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What's The Difference Between Mirin And Sake?

sake next to rice
sake next to rice - aomas/Shutterstock

Humanity has been finding ways to ferment and drink alcohol from every crop it can get its hands on since time immemorial. Which form that alcohol took depended on where you were. If you were in Japan for most of its history, for example, you were probably drinking something fermented from rice, and most commonly sake, one of the world's most well-known rice wines.

But sake isn't the only food, nor even the only food from Japan, that lays claim to the title of rice wine: There's also mirin. Technically, they're both rice wine, but you wouldn't use them in the same ways at all. For starters, you're probably not drinking straight mirin. You could -- it's certainly edible -- but it's a lot like cooking sherry in that it wasn't intended for lone consumption and probably isn't going to taste all that good compared to sake. And that's the other real point of comparison: You typically drink sake but cook with mirin because the components and flavor profiles of each have different things to offer.

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Sake Has Long Been One Of The National Beverages Of Japan

bottles of sake on display
bottles of sake on display - VTT Studio/Shutterstock

You've doubtless heard of sake even if you haven't had it before. Not to be confused with shochu (a Japanese alcohol made with basically anything other than rice), sake technically just means "alcohol" in Japan. Unlike most other global wines, it's served warm (or at room temperature) rather than cold and tends to sneak up on you, with an ABV range of 15-17% (compared to around 5.5-16% for unfortified grape wines). It's hard to compare it to other alcohols, flavor-wise, both because of its temperature and because its flavor is sort of like white wine (but not really).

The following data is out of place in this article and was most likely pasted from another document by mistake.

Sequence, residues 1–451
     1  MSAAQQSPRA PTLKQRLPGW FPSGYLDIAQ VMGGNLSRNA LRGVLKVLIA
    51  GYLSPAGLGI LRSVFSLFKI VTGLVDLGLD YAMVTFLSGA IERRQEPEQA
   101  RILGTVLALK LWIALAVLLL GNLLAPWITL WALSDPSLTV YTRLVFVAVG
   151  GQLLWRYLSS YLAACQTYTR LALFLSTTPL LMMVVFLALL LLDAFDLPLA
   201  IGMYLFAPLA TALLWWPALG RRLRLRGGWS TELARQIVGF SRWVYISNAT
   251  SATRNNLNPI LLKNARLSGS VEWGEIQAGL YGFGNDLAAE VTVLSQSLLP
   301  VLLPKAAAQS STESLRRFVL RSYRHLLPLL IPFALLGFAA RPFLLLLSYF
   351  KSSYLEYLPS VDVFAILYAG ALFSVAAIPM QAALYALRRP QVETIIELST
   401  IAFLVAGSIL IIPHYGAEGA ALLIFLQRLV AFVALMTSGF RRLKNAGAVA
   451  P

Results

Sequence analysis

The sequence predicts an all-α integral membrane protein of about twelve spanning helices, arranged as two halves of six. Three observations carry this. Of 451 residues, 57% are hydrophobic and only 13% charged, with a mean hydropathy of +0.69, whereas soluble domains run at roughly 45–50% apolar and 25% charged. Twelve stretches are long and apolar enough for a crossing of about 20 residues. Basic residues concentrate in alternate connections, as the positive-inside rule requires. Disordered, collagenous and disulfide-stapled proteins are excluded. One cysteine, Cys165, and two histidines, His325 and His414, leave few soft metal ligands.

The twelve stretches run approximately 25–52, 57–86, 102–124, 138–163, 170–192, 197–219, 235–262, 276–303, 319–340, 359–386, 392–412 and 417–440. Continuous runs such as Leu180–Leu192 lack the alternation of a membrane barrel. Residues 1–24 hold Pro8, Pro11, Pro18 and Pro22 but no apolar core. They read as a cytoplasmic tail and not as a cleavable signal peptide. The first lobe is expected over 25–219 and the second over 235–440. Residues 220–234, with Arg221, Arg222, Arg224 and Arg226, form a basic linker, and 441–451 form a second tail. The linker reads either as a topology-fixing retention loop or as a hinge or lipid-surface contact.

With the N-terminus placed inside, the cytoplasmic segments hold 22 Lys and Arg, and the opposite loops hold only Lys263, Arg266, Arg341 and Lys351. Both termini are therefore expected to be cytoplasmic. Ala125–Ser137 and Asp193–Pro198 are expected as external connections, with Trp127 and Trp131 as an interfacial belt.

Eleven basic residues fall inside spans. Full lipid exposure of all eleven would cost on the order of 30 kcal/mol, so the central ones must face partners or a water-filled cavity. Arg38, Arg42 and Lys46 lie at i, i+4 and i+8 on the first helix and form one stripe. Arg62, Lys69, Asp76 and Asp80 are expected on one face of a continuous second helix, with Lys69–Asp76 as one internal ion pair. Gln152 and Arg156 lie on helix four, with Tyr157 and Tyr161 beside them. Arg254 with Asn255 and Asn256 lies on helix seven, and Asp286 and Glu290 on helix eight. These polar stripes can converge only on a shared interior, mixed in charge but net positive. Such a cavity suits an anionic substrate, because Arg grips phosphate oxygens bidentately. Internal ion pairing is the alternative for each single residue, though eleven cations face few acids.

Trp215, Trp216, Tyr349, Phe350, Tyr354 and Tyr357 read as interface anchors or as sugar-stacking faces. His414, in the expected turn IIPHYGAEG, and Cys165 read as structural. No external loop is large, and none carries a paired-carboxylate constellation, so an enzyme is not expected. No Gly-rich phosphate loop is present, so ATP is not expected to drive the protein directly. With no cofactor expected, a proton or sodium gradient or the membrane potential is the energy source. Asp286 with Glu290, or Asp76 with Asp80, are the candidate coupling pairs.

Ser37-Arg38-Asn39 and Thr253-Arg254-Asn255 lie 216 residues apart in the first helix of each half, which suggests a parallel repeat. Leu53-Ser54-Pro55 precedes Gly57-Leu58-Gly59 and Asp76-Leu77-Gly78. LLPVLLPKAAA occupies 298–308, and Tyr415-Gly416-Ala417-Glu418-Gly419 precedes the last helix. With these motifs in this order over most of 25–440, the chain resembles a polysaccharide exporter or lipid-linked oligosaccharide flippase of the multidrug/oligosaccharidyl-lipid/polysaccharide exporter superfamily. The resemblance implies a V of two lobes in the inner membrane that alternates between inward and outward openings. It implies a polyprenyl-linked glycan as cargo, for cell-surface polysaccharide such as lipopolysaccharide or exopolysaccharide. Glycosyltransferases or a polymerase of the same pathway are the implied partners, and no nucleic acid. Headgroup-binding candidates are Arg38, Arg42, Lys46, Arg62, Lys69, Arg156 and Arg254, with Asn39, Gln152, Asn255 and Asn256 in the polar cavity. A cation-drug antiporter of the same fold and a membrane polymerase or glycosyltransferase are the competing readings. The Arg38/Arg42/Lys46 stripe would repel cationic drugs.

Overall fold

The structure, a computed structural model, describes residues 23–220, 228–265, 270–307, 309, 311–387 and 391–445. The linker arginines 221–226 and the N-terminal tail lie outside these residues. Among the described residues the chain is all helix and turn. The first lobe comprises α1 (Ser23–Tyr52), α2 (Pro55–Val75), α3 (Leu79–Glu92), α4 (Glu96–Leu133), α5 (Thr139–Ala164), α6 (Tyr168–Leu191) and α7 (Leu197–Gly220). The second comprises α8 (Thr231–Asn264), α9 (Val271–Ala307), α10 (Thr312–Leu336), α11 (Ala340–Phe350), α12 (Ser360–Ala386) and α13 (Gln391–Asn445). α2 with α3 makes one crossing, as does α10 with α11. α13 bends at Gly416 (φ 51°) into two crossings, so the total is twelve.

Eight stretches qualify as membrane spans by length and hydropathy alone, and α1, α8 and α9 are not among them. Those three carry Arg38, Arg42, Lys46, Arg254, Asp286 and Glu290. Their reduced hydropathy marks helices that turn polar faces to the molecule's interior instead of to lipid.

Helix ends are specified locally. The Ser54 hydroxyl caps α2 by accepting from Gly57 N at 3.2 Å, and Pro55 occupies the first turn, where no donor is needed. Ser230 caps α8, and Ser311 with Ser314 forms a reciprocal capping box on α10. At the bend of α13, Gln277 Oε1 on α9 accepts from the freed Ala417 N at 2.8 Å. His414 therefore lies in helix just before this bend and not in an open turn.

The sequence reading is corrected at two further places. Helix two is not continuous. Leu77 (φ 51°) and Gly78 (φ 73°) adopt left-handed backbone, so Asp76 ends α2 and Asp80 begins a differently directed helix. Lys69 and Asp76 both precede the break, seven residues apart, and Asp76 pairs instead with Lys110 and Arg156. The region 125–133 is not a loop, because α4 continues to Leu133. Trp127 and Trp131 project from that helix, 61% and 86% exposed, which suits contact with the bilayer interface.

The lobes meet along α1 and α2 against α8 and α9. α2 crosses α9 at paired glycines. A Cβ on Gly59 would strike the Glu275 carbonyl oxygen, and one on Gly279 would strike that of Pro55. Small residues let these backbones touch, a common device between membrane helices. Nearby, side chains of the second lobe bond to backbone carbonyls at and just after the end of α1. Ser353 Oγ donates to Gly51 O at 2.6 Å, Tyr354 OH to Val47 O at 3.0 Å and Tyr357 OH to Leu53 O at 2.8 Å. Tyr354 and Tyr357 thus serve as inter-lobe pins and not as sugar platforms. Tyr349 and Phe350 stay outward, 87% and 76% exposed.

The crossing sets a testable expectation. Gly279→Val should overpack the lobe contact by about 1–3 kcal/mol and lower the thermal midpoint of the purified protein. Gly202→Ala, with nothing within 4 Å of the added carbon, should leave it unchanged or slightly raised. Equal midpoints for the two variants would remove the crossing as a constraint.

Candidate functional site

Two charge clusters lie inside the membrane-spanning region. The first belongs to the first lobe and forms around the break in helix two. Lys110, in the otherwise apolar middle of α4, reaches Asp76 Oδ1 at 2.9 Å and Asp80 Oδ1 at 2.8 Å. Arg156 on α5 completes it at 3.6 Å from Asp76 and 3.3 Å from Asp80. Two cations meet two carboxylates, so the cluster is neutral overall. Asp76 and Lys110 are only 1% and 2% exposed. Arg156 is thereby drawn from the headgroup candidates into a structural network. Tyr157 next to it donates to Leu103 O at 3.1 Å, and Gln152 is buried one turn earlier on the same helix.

But that's the key here: Sake is typically consumed straight. It has a long, long history in Japanese culture. The first reference to sake manufacturing is from the 8th century, but the first written reference to the beverage goes back even further, to the 3rd century. For a long time in Japanese history, water, tea, or sake were the three beverages you would most likely see available. There is such a thing as cooking sake -- but it doesn't taste like mirin. And there's pretty much no such thing as "drinking mirin" -- well, not anymore, although there used to be.

Mirin Is A Sweet Cooking Ingredient

glass bowl of mirin
glass bowl of mirin - Picture Partners/Shutterstock

Mirin is not made for drinking -- it's explicitly designed as a cooking additive. Mirin isn't rice vinegar, nor can it be substituted for rice vinegar; it has an entirely different purpose. Mirin is made using a combination of fermented rice, mochi rice, and shochu and is aged over a period of around two months. This time frame is the key because as the rice ferments slowly, it creates sugars, and mirin's defining feature is its sweetness.

That sweetness is how you would use it in cooking: As a counterpoint to other elements in Japanese cuisine. Mirin gives teriyaki its signature sweetness, but it's also utilized in dipping sauces and braising liquids as a counterpoint to something like soy sauce. You wouldn't season purely with mirin (much like you wouldn't season purely with mustard powder), but it's a fantastic flavor connector in many recipes, if not an absolutely essential one.

Sake and mirin have dramatically different purposes, even if they're both technically rice wine. It just shows that language is mutable, and sometimes, you have to dig deep to really tell the differences between disparate products.

Read the original article on Daily Meal.